2. Alanna of Trebond from the Song of the Lioness series by Tamora PierceAlanna

If there is one book character that makes me want to bow down and gush about how cool I think she is, it’s probably Alanna of Trebond. Alanna is without a doubt one of the most awesome characters I’ve read about–she disguises herself as boy for years as she trains to be a knight of the realm in her home of Tortall. Of course, this isn’t easy, especially when she finds herself making a very, very powerful enemy. I think what I love most about Alanna is how fiery and tough she is. She is completely herself (despite the whole disguising herself as a boy thing), and she’s also feminist in a way that makes my heart do a tap dance of joy. If you have yet to read the Song of the Lioness series, for the love of God, please do. Alanna is fantastic. And I am endlessly jealous of the fact that she can both swordfight and do magic.

Lizzie Bright3. Lizzie Bright Griffin from Lizzie Bright and the Buckminster Boy by Gary D. Schmidt

I read Lizzie Bright and the Buckminster Boy a long time ago, and I really need to pick it up again, but Lizzie Bright Griffin had a lot to do with why I loved it so much. She’s smart and clever and not afraid to speak her mind, and she changes the life of Turner Buckminster in a myriad of ways. She’s brave, too, even in the face of the prejudice and racism she faces from the white people near where she lives. She truly is bright, in every sense of the word. Just please don’t make me talk me talk about the ending because tears. There will be tears everywhere. (Also, this book is both a Newbery and a Printz Honor, which I think is pretty cool.)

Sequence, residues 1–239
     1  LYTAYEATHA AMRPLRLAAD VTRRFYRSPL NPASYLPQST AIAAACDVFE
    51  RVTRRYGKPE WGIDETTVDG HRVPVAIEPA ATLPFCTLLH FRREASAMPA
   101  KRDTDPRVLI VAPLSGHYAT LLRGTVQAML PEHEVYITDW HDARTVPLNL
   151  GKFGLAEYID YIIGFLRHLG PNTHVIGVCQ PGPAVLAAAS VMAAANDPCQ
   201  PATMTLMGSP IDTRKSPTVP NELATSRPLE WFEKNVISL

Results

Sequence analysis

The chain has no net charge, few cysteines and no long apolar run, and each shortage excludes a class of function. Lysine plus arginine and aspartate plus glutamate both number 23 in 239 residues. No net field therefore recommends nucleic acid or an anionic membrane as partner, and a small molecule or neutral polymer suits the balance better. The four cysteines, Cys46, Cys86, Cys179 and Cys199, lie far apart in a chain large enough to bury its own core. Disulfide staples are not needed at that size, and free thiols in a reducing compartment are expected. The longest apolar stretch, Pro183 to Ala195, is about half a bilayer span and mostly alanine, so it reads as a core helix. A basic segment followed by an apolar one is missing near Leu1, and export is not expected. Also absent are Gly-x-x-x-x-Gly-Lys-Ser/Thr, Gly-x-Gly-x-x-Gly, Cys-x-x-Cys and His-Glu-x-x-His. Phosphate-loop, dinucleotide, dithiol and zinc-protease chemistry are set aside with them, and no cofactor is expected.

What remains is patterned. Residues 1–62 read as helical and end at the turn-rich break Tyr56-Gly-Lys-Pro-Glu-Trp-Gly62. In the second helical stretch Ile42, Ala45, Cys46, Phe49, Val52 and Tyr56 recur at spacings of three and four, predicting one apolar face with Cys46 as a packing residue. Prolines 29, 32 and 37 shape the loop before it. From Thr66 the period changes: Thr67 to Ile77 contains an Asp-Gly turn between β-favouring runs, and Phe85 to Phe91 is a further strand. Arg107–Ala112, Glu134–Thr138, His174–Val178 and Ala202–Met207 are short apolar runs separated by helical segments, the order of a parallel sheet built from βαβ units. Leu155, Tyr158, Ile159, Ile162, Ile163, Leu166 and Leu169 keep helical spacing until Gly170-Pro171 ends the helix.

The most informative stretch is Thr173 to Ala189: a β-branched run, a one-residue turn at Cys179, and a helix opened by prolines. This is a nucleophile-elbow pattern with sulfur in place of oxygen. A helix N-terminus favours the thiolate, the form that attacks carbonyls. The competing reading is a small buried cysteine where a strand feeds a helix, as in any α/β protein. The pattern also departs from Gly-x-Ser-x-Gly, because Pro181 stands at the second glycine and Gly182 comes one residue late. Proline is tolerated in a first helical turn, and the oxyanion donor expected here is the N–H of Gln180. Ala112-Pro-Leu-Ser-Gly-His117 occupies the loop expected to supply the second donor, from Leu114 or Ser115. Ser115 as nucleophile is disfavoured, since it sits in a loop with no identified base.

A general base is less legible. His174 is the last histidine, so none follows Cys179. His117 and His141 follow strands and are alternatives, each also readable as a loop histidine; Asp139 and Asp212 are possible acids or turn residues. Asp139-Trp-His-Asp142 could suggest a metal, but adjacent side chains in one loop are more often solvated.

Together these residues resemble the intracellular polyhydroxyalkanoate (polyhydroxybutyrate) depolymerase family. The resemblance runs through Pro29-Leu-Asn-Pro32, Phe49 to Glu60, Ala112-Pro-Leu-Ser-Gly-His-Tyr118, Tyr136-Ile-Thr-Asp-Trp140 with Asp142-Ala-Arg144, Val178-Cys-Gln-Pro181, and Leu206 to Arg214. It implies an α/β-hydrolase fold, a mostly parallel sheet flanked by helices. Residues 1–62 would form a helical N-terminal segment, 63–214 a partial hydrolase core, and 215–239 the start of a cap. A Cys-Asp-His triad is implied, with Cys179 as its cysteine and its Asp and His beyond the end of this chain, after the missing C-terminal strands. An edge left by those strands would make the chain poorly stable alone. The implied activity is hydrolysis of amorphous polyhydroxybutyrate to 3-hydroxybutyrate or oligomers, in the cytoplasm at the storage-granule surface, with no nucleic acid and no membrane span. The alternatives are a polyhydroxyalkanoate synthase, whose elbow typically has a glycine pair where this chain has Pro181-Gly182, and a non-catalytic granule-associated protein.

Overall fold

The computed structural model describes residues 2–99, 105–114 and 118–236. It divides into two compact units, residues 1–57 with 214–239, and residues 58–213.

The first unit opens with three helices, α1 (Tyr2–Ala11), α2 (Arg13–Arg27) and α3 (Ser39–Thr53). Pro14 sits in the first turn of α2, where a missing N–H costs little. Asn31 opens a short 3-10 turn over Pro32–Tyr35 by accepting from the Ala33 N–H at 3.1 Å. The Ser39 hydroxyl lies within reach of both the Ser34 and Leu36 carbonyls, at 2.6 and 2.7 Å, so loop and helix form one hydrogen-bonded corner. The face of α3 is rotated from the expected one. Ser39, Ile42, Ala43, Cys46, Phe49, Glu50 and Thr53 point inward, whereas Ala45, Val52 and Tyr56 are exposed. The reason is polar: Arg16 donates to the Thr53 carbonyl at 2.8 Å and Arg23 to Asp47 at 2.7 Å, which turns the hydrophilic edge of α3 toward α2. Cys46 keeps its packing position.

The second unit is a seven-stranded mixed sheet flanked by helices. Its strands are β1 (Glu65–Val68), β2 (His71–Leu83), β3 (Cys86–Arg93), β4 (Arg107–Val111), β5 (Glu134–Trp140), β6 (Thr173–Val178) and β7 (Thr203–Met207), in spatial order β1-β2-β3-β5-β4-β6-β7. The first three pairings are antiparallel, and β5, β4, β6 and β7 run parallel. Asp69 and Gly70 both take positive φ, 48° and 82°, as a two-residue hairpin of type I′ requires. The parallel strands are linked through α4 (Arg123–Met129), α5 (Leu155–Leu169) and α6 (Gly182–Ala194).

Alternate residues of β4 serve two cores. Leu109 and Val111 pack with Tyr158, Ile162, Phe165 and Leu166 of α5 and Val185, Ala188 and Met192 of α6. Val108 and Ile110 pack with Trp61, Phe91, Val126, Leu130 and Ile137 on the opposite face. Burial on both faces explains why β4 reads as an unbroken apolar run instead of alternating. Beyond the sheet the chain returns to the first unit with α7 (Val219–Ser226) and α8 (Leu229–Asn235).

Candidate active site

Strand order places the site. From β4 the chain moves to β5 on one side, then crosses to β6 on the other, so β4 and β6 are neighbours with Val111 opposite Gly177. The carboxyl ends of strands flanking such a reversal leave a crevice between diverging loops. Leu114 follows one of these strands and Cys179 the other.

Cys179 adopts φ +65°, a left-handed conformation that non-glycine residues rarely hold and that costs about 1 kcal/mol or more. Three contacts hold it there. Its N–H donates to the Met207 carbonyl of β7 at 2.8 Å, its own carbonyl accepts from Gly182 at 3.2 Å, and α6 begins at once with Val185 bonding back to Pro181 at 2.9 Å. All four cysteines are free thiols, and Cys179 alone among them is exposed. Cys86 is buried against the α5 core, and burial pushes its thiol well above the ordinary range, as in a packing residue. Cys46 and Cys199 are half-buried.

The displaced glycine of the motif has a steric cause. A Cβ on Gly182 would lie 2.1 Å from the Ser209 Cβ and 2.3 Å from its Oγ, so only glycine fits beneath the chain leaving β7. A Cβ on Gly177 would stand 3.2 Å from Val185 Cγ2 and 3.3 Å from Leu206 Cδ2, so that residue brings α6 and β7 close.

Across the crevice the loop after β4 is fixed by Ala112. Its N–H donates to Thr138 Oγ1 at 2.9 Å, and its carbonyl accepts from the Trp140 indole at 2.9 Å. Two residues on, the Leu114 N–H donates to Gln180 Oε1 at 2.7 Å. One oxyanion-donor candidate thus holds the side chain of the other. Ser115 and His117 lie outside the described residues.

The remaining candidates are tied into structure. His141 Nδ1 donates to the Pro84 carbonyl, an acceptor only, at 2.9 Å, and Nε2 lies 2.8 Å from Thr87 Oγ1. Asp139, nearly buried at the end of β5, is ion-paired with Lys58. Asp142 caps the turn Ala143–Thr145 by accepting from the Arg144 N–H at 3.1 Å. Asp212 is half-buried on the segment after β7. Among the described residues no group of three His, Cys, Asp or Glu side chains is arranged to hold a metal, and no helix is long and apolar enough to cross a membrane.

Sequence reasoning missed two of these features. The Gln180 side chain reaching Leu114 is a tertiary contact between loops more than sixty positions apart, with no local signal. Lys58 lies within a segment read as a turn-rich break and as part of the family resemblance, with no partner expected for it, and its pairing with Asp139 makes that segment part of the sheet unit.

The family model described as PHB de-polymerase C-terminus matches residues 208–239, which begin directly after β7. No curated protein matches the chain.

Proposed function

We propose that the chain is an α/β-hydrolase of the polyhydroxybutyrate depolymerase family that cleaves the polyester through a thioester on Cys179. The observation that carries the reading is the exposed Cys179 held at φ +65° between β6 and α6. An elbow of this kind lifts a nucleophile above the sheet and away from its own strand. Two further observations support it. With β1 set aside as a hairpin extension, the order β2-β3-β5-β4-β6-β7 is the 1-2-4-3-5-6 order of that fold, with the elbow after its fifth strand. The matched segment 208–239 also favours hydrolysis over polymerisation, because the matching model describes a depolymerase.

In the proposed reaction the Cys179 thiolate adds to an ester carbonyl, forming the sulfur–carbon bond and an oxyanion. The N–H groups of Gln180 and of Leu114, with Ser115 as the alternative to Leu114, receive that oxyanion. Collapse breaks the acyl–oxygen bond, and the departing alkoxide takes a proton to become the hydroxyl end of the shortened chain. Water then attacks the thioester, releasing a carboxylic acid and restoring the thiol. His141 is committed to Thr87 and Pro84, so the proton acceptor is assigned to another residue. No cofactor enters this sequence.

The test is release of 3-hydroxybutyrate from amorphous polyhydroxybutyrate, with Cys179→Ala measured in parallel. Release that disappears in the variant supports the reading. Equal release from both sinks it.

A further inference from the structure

Lizzy Bennet4. Lizzy Bennet from Pride and Prejudice

Oh, Elizabeth Bennet. Jane Austen referred to her as “as delightful a creature as ever appeared in print,” and I don’t blame her in the least. We’re reading Pride and Prejudice for my English class right now, and I love being able to rediscover how much I adore Lizzy’s character. She’s intelligent and witty and kind, while also being flawed. She’s very human, and so, so much fun to read about. I think she’s definitely my favorite character in the book, with Darcy coming in as a close second.

Hazel5. Hazel from The Fault in Our Stars by John Green

>sobs violently into pillow<

Ahem. Anyway.

Hazel is one of my favorite things about The Fault in Our Stars. Hazel has cancer, yes, but that is by no means all there is to her character. I love her voice in the novel, the way she describes things and the things she says. I love that she says things like, “Suffice it to say that the existence of broccoli does not in any way affect the taste of chocolate.” She’s smart and nerdy and honest, and has a bit of a smart mouth, which means I’m pretty much guaranteed to like her. Also, she has such a love of books, and I am a sucker for characters who love books. (Also people who love books.) (Also she loves poetry, so extra points.)

Phillis6. Phillis Wheatley from Hang a Thousand Trees with Ribbons by Ann Rinaldi

Ann Rinaldi’s books are so ridiculously good, and Hang a Thousand Trees with Ribbons is one of her best. It covers years of Phillis Wheatley’s life, from childhood to adulthood, and I loved being able to read about her character. Phillis is tough and smart, not to mention kind and complex. She adores writing, and I loved reading about her discovery of it, of her writing the poems that people still read today. I couldn’t put this book down, and part of me (or all of me) wishes there was a sequel could I keep reading about Phillis forever.